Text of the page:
I'm Michel Martin and this is TELL ME MORE from NPR News. Coming up, how often have you heard that there are more black men in prison than in college? A lot? Well, we'll speak with a professor who's gone back over the research and he says that's just not true. We'll talk about this in just a few minutes.
Activists, filmmakers, and even the president invoke the conventional wisdom that there are more black men in prison than in college. Ivory Toldson, a professor at Howard University, says that's a myth; he explains his findings to host Michel Martin.
This is TELL ME MORE from NPR News. I'm Michel Martin. Later in the program we are going to talk about a new study that says that some seniors are actually carrying more debt than their younger peers. We'll dig into that in just a few minutes. But first we want to turn back to Boston. And with one suspect in custody and the other deceased, we're turning our attention to the people whose lives were most changed by the bomb attack at the marathon last week.
Even before FIFA President Joseph Blatter announced the 2018 and 2022 World Cup host countries in December, 2010, accusations of corruption were rampant. A panel meant to restore FIFA's image lost a member Monday, as Alexandra Wrage said it was accomplishing nothing.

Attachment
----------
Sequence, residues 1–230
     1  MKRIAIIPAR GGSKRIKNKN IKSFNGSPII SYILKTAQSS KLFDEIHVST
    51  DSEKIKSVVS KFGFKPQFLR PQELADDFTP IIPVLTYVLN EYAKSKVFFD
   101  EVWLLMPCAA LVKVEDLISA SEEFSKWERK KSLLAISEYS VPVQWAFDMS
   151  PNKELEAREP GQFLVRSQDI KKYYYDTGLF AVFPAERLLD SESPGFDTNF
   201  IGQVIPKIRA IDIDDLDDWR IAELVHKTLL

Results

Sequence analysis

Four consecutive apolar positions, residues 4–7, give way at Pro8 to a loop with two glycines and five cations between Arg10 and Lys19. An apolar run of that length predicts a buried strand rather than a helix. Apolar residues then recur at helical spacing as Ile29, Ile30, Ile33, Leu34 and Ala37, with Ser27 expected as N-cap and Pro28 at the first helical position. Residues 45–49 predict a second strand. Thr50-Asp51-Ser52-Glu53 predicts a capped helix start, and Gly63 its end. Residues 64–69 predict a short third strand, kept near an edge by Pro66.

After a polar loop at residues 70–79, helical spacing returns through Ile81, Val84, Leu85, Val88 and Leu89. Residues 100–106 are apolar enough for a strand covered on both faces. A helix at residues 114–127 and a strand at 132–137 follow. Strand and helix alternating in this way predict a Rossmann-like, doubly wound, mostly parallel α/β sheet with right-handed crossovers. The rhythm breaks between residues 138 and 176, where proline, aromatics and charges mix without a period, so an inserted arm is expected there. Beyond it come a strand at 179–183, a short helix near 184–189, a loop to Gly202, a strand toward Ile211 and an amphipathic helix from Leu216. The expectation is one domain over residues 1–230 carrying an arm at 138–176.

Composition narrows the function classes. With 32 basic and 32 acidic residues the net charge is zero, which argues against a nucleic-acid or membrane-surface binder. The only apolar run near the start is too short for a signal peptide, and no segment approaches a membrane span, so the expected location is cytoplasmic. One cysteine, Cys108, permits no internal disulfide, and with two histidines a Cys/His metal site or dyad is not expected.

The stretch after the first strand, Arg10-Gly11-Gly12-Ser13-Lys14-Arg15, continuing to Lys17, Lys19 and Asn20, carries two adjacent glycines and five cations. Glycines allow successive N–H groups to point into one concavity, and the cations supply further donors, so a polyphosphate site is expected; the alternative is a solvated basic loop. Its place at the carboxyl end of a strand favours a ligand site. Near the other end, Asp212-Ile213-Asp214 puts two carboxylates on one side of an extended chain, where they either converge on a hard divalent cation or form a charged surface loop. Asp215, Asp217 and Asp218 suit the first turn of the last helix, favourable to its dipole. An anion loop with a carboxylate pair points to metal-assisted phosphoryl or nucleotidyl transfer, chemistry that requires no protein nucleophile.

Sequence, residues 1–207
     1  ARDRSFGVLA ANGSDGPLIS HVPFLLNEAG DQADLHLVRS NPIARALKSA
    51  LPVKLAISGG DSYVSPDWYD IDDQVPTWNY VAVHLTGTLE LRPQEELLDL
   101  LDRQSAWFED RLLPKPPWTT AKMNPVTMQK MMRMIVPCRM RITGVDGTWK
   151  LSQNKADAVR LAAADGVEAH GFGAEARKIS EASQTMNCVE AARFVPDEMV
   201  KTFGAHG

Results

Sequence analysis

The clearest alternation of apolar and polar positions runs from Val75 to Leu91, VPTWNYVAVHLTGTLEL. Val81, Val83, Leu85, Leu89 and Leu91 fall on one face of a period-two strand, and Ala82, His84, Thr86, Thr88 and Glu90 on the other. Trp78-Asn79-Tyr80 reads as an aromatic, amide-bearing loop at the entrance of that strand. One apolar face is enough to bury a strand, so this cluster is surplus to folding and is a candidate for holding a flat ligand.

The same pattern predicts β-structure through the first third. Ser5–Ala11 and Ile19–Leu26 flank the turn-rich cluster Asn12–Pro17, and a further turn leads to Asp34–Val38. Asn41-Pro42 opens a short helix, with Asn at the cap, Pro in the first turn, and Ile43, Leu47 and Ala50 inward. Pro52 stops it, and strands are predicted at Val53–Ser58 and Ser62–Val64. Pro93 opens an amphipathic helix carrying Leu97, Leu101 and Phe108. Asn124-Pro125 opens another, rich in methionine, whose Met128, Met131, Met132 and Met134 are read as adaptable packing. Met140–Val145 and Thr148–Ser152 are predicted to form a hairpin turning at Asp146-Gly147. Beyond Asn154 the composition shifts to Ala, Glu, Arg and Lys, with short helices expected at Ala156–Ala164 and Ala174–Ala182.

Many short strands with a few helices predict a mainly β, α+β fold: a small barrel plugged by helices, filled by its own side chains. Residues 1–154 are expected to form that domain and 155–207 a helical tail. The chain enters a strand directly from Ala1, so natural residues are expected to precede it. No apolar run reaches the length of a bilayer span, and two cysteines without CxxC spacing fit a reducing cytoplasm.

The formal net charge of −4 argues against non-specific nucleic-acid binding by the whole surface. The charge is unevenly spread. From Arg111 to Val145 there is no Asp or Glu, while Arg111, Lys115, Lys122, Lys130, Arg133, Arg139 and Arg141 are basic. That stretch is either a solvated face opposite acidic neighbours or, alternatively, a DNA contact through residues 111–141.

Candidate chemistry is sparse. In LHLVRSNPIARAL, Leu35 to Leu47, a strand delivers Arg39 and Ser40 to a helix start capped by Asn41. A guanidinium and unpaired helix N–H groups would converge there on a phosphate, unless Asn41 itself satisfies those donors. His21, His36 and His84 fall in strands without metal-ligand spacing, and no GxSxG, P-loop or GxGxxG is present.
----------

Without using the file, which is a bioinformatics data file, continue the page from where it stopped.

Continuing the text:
Originally published on Tue April 23, 2013 3:22 pm
FIFA's efforts to rehabilitate its tarnished public image were dealt twin setbacks Monday when the international soccer federation's Twitter account was hacked and used to send messages joking about corruption. And a member of its reform committee quit, saying they were making no progress.
Update at 3:20 p.m. ET. FIFA Executive Resigns:
Paraguay's Nicolas Leoz resigned from FIFA's executive committee Tuesday, the same week an extensive report on bribery from the group's ethics investigator is to be released.
Originally published on Wed April 24, 2013 7:37 am
Update at 5 p.m. ET:
Reuters reports that Apple has posted better-than-expected second-quarter earnings of $43.6 billion, "reflecting strong sales of the iPad and iPhone." Wall Street had forecast revenue of $42.3 billion, the wire service says.
We pick up our original post here:
Investors are waiting, many not so eagerly, for a look at how Apple for the second quarter.
Writer Joel Arnold is surveying the scene at the Tribeca Film Festival, which runs in New York City through April 28. He'll be filing occasional dispatches for Monkey See.
Beginning in Bordeaux and traveling as far as western China as it tracks the reach of today's global wine market, Red Obsession uses the banner Bordeaux seasons of 2009 and 2010 as a springboard for an analytical profile of the modern wine industry.
Originally published on Tue April 23, 2013 1:45 pm
A faith-healing Philadelphia couple on probation after they refused to seek medical care for a son who later died has now lost a second child.
Herbert and Catherine Schaible reportedly told authorities they prayed for the health of their 8-month-old son, Brandon, who was suffering from diarrhea and breathing problems, according to The Philadelphia Inquirer. But the baby died last week.